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Stocks Slip After Weak Economic Data   05/23 12:56

   U.S. stocks are lower in wobbly trading Wednesday as banks drop along with 
bond yields.

   NEW YORK (AP) -- U.S. stocks are lower in wobbly trading Wednesday as banks 
drop along with bond yields. Energy and industrial companies are also down. 
Investors are concerned about the European economy after a measure of business 
activity in the region fell to an 18-month low in May. Target is sliding after 
big investments in its operations cut into its first-quarter profit while 
Tiffany is soaring after issuing a strong report.

   KEEPING SCORE: The S&P 500 index shed 8 points, or 0.3 percent, to 2,716 as 
of 1:30 p.m. Eastern time. The Dow Jones industrial average slid 115 points, or 
0.5 percent, to 24,719 as Goldman Sachs and American Express both took losses. 
The Nasdaq composite gave up 8 points, or 0.1 percent, to 7,369. The Russell 
2000 index of smaller-company stocks dipped 3 points, or 0.2 percent, to 1,622.

   Stocks were higher for most of the Tuesday but slipped late in the day.

   EUROPE'S ECONOMY: A survey suggested that the eurozone's economy might 
remain weak for longer than experts had expected. IHS Markit's purchasing 
managers' index, a broad gauge of business activity, fell to an 18-month low in 
May. The regional economy is still growing, but investors hoped to see a 
rebound after the first quarter of the year.

   Germany's DAX gave up 1.5 percent and France's CAC 40 fell 1.3 percent while 
the British FTSE 100 lost 1.1 percent. Investors bought European government 
bonds, pushing prices higher and yields lower in Germany, Spain, France and the 
U.K.

   BONDS: Bond prices climbed. The yield on the 10-year Treasury note fell to 
3.03 percent from 3.06 percent. With interest rates in decline, banks lost 
ground. Citigroup fell 1.8 percent to $69.83 and Bank of American lost 1.7 
percent to $30.36.

   Banks climbed Tuesday as Congress prepared to vote on a bill that eased some 
of the regulations passed after the 2008 financial crisis. The legislation 
passed the House Tuesday evening and President Donald Trump is expected to sign 
it into law. Real estate investment trusts, utilities, and other stocks that 
pay large dividends rose. Those stocks are often considered alternatives to 
bonds, and investors who want income often buy them when bond yields decrease.

   RETAIL DETAILS: Target slumped after its first-quarter profit fell short of 
expectations. The big box retailer said more customers came to its stores and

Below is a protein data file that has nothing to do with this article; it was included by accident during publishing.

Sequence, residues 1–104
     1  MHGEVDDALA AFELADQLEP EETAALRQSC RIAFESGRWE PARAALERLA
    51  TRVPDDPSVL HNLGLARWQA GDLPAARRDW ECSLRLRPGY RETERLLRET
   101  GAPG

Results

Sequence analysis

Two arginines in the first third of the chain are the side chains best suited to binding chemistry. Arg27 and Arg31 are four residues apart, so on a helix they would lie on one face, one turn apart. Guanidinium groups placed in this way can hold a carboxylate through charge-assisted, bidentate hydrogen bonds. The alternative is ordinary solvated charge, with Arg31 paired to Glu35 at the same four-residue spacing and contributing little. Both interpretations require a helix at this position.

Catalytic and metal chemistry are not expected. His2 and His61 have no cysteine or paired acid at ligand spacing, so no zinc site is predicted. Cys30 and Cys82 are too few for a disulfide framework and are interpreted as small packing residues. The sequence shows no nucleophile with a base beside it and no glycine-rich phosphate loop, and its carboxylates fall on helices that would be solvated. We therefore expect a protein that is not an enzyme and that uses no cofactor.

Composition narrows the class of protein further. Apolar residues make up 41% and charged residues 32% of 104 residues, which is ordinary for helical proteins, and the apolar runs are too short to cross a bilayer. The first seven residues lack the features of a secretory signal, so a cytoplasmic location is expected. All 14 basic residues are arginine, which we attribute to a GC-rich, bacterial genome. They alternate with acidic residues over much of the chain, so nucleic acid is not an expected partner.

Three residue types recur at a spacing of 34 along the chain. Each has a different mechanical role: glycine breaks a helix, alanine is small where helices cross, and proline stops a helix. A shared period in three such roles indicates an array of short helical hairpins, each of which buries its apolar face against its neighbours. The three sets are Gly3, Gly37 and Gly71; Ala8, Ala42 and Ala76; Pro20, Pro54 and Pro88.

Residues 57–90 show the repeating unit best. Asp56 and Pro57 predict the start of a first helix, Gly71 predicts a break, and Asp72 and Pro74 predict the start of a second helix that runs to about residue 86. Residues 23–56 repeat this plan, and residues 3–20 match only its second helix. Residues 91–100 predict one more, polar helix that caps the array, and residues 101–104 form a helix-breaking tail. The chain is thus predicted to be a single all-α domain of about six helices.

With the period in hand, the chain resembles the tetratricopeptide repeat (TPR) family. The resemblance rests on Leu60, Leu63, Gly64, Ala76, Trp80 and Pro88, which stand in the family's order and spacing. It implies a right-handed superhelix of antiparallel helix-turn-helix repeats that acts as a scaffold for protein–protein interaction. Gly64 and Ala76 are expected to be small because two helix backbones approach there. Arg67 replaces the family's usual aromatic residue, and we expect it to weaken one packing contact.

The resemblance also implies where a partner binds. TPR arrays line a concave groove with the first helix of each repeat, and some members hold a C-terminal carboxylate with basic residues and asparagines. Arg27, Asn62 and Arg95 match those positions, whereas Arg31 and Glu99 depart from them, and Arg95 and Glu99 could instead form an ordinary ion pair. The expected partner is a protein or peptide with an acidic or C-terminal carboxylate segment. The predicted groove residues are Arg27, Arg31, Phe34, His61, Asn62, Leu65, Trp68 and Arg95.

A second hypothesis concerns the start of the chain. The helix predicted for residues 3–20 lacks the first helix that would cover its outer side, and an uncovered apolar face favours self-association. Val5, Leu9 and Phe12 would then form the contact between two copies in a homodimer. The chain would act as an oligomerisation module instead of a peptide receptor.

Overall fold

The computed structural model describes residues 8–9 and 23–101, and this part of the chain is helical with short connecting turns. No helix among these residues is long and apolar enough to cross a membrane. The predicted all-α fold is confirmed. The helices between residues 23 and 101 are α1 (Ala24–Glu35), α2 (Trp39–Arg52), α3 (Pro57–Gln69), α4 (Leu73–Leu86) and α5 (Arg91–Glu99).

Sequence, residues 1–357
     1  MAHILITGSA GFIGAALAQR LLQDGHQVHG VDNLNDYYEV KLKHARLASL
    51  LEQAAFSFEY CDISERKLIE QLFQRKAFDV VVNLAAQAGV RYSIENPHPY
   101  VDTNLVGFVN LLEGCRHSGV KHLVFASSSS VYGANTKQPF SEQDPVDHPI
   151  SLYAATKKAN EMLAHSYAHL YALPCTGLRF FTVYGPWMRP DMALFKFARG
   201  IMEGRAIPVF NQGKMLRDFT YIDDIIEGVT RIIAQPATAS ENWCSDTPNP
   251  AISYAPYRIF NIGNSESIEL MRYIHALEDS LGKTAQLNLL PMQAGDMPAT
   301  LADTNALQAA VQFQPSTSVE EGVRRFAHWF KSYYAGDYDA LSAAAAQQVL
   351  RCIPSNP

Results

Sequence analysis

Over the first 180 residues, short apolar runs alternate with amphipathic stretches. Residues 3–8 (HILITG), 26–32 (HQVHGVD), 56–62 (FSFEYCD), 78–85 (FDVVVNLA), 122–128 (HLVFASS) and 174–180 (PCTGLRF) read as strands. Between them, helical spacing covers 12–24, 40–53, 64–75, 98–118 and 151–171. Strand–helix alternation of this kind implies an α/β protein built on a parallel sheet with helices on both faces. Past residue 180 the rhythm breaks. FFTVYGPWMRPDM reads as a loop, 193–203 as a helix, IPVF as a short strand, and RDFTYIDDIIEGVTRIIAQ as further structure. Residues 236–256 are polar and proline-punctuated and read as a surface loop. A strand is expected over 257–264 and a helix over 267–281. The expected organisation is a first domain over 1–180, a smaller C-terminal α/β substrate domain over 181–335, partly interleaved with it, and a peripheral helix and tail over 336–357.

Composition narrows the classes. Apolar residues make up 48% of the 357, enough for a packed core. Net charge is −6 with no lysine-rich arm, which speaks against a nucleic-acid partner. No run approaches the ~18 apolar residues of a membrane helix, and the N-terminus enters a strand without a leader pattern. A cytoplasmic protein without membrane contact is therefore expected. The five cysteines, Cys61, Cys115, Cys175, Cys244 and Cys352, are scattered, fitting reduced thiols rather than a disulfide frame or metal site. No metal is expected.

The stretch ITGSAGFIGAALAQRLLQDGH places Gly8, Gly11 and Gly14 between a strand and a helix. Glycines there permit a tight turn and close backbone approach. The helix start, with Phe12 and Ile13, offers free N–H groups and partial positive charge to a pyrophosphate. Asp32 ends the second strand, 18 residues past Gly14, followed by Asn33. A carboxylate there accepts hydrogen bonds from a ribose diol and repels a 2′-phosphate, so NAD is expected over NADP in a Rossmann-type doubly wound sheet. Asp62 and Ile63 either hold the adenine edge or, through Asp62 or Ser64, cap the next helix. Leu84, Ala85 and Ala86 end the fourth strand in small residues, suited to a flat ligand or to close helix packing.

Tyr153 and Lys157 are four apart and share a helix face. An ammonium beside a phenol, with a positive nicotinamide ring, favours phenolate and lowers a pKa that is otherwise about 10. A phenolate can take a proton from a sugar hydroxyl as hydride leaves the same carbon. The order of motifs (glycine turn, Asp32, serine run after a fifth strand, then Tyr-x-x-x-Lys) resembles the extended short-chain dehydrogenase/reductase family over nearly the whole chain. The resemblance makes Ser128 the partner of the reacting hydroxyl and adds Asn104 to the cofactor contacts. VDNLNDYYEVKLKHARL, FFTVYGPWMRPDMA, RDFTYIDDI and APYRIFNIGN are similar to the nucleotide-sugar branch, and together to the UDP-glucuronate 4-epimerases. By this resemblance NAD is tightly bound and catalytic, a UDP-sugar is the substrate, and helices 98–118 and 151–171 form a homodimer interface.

sales improved, but it's spending a lot of money to try to reinvent itself to 
better compete with Amazon. Target plans to spend $7 billion through 2020 to 
update stores and open smaller locations in urban markets. The stock sank 5.5 
percent to $71.35.

   Tiffany sparkled in the first quarter as the jewelry company's earnings and 
sales blew past Wall Street projections. The company also said it's planning to 
buy back $1 billion in its own stock. The stock jumped 20.1 percent to $122.83.

   Home improvement retailer Lowe's had a mostly disappointing first quarter as 
harsh winter weather cut into the traditional spring sales season, but the 
company forecast stronger sales growth for the rest of the year. The stock 
surged 10 percent to $94.35. Lowe's stock and its sales have lagged behind Home 
Depot, but it made up ground on Wednesday.

   Also rising after its quarterly report was Ralph Lauren, which jumped 15.6 
percent to $134.79.

   CABLE HOOKUP: Comcast said it is preparing an all-cash offer for 
Twenty-First Century Fox's entertainment and international divisions, and said 
it plans to bid more than the $52.4 billion Disney offered. Comcast didn't 
disclose other details about its plans. Fox rose 2.3 percent to $39.02 while 
Comcast fell 2.1 percent to $31.83, and Disney slid 1.1 percent to $102.94.

   Buying those Fox businesses would help Disney compete with technology 
companies in the entertainment business. Any tie-up would put in its stable 
more Marvel superheros, as well as the studios that produced the Avatar movies, 
"The Simpsons" and "Modern Family."

   NOT WELL DONE: Red Robin Gourmet Burgers tumbled after the company's 
quarterly profit was much smaller than analysts anticipated. Its sales also 
fell short of estimates and the stock tumbled 19.5 percent to $46.63.

   UN-PACKED: While Hewlett Packard Enterprise reported a larger profit and 
more revenue than expected, analysts said much of the company's strength came 
from a lower tax rate, and they weren't impressed by results from some of its 
businesses. Mehdi Hosseini of Susquehanna Financial Group said the company's 
less profitable products are doing better than higher margin items like high 
performance computing devices. The stock lost 11.2 percent to $15.47.

   ENERGY: Benchmark U.S. crude lost 0.7 percent to $71.67 per barrel in New 
York. Brent crude, used to price international oils, dropped 0.4 percent to 
$79.26 a barrel in London.

   CURRENCIES: The dollar dropped to 110.27 yen from 111.02 yen. The euro fell 
to $1.1682 from $1.1779.

   METALS: Gold lost 0.2 percent to $1,289.60 an ounce. Silver fell 1 percent 
to $16.41 an ounce. Copper plunged 2 percent to $3.07 a pound.

   ASIA: Japan's benchmark Nikkei 225 fell 1.2 percent and South Korea's Kospi 
gained 0.3 percent. Hong Kong's Hang Seng lost 1.8 percent.


(BE)

 
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